Even before the premiere of Ratmansky’s The Bright Stream, the Bolshoi Ballet, who did not accept young Ratmansky as a dancer, asked him to take over the entire company. He was 34 at the time. He took up the challenge and found himself in charge of 220 dancers and 20 coaches, some of whom were legends in the ballet world.
At the time that he took over, the Bolshoi was still very conservative, holding dancers in higher esteem than choreographers. So Ratmansky brought in new ballets choreographed by George Balanchine, Twyla Tharp and Christopher Wheeldon among others. In the course of his five year tenure, he introduced thirteen new ballets. There were 250 performances per year on two different stages. He hired new dancers fresh from the school to learn the new repertoire, as the older ones didn’t always “get it”.
Even after five years of working with the Bolshoi, he still felt that the resistance to new works and new choreographers remained very strong in Russia. So he left and came to New York to pursue his choreography. American Ballet Theatre invited him to be their Artist in Residence. He just signed a long term contract with the company, and he enjoys the support he receives and the freedom to create abstract and narrative ballets. He reflected fondly on the company’s history of embracing Russian emigres.
We saw a short excerpt of the scene from the Nutcracker that bridges between the battle scene and the Land of Snow. I’d seen ABT’s new Nutcracker in the middle of a blizzard in 2010, but I’d forgotten how much I’d loved it until I saw this charming section in which Drosselmeyer’s nephew transforms into the Prince. In Ratmansky’s version, two adult dancers enter upstage and mirror some of the movement of the children, who are imagining their future selves. It struck me that in the gestures of the adults, we see traces of the children they once were. As in most Ratmansky ballets, there is always the presence of light hearted humor along with the warmth. I especially loved the excitement of the children as the first snowflakes start to fall.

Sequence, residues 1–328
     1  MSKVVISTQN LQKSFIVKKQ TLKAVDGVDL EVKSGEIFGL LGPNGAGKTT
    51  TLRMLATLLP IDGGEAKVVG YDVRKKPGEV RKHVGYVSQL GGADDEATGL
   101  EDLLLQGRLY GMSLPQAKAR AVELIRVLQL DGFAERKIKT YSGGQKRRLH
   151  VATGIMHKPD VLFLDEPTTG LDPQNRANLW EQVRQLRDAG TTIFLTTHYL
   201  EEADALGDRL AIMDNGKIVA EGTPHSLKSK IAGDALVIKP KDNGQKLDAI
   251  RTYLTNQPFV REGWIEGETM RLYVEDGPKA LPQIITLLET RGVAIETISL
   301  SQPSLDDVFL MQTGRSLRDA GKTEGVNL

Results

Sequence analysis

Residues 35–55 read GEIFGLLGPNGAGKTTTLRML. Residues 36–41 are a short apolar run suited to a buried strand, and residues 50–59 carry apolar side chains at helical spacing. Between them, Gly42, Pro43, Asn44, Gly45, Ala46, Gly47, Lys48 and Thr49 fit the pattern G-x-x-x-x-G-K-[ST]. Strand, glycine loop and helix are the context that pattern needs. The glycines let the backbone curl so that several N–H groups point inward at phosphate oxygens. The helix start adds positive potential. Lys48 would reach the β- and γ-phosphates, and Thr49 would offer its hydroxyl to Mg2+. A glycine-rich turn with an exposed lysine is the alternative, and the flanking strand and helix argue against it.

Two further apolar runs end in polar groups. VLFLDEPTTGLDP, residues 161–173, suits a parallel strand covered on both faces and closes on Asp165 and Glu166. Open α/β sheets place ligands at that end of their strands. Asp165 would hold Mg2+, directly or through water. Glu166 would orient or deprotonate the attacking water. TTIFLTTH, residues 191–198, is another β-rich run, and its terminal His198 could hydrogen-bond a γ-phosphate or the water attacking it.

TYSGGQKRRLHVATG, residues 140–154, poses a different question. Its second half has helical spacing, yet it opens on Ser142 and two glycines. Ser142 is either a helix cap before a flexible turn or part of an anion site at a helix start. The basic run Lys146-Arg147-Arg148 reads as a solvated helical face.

Ballet Mistress Nancy Raffa and principal dancer David Hallberg joined Mr. Meehan to speak of their experiences in working with Ratmansky. Ms. Raffa said that Ratmansky always comes to the studio well prepared with a clear vision and a little black book in which he has worked through the details of his choreography. Mr. Hallberg said that Ratmansky doesn’t move forward until one section is perfected. They will work on eight counts for “what feels like two weeks”. About Ratmansky’s Nutcracker, Mr. Hallberg talked about the nervousness that he and Gillian Murphy experienced the first time that they danced it on stage. “He completely blew what we thought we knew about Nutcracker out of the window.” Hallberg’s words resonated with me and that’s part of the reason why I was so stunned by some of the backlash that the new Nutcracker received. I loved Ratmansky’s telling of the story from the very beginning, precisely because he brought a new and wonderful perspective to it.
Ratmansky’s new ballet, Shostakovich Symphony No. 9 will premiere Thursday, October 18, 2012 at New York City Center.